Twin festivals this month take to cinemas and malls to celebrate Lord Buddha and carry his message to the masses

Prayers in Paragon Hall. New iPad apps on meditation centres. A haunted house in which earthly desires stalk you like inexorable ghosts. A “dharma boy band” of singers interpreting their tunes through the spiritual looking glass. Then monks as film programmers picking movies that discuss virtues and vices in diverse voices. In short, Buddhism in a new setting: Buddhism in a mall.
Some ask why. Or others ask: why not? As part of the Sumbuddha Jayanti celebration to mark the 2,600th anniversary of Lord Buddha’s enlightenment, Buddhadasa Indapanno Archives together with city of Bangkok will host two major events with the aim to bring the prophet’s teachings close to the urban environment and throwing open the door to the study of the religion.
Tomorrow the “Lan Bodhi Festival: Temple in the Clouds” opens at Royal Paragon Hall and runs until Sunday, May 20. In early June, the first International Buddhist Film Festival opens at SF Cinema at CentralWorld, where 30 films with Buddhist-related themes will be shown, including a section of movies curated by respected monks (see sidebar on page 6).
Minus only the ferris wheel, the Lan Bodhi Fair is designed to be a colourful rendition of Buddhist-related activities, with the motif of transporting a temple fair into Bangkok’s biggest shopping centre. There will be praying sessions, traditional ngan wat games (dunks, for instance, in which players throw balls at symbolic, wordly vices), lectures, concerts, and booths promoting Buddhist activities. More than 100 Buddhist organisations will come together to enliven the fair, and the underlying concept is clearly to make the thought of Buddhism less boring, more in tune with the pace of urban life, and bringing the religion closer to the people.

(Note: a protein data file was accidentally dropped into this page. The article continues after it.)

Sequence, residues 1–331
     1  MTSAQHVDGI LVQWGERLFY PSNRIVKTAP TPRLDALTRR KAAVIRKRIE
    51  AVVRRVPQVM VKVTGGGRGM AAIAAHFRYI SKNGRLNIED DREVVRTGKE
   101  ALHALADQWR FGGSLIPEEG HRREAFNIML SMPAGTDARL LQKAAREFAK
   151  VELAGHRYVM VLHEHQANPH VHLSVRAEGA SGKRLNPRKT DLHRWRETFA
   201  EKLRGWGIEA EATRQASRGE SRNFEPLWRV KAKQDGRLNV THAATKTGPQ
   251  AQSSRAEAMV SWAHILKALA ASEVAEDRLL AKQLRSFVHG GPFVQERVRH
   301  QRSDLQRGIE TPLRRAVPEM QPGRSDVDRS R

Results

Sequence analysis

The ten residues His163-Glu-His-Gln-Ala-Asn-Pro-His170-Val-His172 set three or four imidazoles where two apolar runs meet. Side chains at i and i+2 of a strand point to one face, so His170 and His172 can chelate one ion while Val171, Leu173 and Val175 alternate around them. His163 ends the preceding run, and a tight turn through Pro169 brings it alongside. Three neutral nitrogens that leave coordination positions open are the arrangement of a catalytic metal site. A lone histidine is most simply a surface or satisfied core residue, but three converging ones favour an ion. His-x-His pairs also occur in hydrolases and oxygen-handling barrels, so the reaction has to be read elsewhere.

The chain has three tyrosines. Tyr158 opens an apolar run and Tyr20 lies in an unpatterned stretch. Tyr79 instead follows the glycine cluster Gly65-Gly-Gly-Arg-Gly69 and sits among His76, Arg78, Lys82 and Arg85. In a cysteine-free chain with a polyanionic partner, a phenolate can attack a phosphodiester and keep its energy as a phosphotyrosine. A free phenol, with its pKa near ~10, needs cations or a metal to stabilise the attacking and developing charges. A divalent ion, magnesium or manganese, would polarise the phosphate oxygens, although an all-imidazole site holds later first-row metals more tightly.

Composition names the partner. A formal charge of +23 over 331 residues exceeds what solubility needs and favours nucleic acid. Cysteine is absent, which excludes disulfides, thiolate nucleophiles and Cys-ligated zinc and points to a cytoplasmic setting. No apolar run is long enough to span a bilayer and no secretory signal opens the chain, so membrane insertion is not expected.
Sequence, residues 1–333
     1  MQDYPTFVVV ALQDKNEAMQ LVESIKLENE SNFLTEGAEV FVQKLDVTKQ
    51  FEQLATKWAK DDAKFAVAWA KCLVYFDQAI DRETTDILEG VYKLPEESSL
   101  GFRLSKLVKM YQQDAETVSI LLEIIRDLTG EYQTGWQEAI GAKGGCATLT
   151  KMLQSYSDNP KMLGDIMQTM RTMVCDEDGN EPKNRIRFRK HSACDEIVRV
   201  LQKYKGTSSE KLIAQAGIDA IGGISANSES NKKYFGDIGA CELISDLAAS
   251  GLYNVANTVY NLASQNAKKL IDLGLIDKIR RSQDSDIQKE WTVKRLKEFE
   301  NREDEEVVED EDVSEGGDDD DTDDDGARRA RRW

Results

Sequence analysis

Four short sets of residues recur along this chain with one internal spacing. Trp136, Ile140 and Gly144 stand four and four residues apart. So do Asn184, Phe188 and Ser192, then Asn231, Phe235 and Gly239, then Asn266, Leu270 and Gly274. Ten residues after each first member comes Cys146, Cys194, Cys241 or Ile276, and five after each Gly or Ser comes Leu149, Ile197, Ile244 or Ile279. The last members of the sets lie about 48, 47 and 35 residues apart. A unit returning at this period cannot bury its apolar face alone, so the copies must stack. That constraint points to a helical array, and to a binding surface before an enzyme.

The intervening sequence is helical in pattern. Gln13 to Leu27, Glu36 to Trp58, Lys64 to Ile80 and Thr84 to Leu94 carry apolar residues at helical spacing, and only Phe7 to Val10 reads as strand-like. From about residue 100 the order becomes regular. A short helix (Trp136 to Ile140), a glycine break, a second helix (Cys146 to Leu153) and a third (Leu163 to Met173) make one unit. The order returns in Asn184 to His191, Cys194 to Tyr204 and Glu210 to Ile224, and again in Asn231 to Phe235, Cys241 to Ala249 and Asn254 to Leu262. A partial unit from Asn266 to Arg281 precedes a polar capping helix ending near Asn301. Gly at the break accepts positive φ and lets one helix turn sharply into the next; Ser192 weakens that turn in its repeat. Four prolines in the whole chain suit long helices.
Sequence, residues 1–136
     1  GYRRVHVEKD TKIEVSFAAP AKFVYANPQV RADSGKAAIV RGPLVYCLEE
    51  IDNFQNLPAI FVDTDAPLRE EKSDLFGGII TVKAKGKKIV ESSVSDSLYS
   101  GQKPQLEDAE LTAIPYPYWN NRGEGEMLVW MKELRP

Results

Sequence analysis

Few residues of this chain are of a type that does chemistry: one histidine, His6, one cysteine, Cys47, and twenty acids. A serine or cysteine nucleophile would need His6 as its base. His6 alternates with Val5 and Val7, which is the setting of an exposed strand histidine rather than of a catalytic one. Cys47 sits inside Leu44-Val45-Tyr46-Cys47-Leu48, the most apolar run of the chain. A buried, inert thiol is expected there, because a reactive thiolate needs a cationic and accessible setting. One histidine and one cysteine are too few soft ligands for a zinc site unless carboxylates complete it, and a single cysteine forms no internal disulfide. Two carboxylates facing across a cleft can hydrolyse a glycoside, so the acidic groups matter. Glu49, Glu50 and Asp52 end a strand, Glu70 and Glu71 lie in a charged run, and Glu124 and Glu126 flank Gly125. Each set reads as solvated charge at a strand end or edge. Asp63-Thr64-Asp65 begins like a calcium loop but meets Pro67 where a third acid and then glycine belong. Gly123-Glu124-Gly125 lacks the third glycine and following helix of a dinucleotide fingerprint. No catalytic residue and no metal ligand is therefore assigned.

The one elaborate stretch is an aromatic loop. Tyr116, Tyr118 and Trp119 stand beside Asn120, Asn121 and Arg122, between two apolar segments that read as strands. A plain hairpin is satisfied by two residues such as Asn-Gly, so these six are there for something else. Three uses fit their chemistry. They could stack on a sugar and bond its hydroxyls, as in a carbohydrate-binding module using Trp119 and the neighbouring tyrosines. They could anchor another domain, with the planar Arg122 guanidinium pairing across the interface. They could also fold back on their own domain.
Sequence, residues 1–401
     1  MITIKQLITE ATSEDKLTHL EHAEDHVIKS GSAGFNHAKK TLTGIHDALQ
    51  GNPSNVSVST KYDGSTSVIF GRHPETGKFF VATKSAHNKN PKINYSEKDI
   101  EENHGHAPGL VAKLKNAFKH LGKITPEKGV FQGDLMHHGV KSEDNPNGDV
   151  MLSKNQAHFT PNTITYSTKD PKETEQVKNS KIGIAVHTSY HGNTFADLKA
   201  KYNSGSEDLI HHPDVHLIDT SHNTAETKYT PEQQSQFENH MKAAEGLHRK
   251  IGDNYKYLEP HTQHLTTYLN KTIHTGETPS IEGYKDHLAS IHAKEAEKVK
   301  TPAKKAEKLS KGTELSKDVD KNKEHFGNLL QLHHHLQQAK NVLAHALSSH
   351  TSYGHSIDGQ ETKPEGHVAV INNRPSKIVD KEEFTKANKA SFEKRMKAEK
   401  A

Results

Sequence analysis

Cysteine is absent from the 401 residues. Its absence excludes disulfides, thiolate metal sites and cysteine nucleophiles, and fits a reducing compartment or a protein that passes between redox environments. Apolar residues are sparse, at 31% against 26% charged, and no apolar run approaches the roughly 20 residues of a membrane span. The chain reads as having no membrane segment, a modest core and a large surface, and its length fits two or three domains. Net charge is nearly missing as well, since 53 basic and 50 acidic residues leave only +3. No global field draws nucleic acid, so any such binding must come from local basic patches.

The Lan Bodhi Fair _ the title signifies the tree under which Lord Buddha attained enlightenment _ and the International Buddhist Film Festival were initiated by Buddhadasa Indapanno Archives, an organisation set up mainly to preserve the writing of revered abbot Buddhadasa Bhikku and to promote the learning of Buddhism. Run by laypeople, the archives have sought guidance from several monks in coming up with the two events. In trying to bring Buddhism into the new playing surroundings, in this case a luxurious mall, the organisers aren’t just taking a proactive step in re-adjusting the image of the religion, but also asking devouts to have an open-mind to the new and provocative way that Buddhism might be accessed and appreciated.
Admired by many as a strict and forward-looking cleric, Jayasaro Bhikku is one of the consultants. He told us in an email about the challenge of bringing a big Buddhist event to the unlikely venue of a downtown mall: ”This project is not aimed at promoting or preserving the essence of Buddhism. It is meant to be an open door into the Buddhist world, a portal. It might also be compared to an artistic provocation _ The Paragon Provocation.”
Jayasaro Bhikku is actually the one who initiated the idea of a film festival as a means to promote Buddhism. ”Speaking as someone who considers Shakespeare and Ken Loach amongst his earliest teachers,” he said, ” I believe in the power of drama to deal with topics like meaning and meaninglessness, love and hate, kindness and cruelty, selfishness and selflessness, justice and injustice, revenge and forgiveness, heroism and cowardice, wisdom and foolishness in stories that engage the emotions and provide memories that last a lifetime.”
At the fair this weekend, at least three new iPad apps will be launched. One of them is a nationwide guide to Buddhist retreats and meditation centres; another is an interactive e-book of the famous Kalanukrom, a timeline history of Buddhism told in paralell with world history, written by Phra Payut Payuto.
Shifting into a more exciting gear, Pod Moderndog, Arak ‘Pe’ Amornsupasiri and Tul Waitoonkiat are three headline rockers who will perform at the fair. It’s not clear how loud they would be allowed to be, but Santi Opaspakornkij, one of the event’s publicists, says that the musicians will show the audience how to interpret their songs along the line of spiritualism. Even a love song, for instance, can lead to the lesson of impermanence.
”Buddhism doesn’t have to be dull,” says the publicist. ”This way we hope to reduce the prejudice that some people may still have with learning the religion. We simply try move closer to everyone.”

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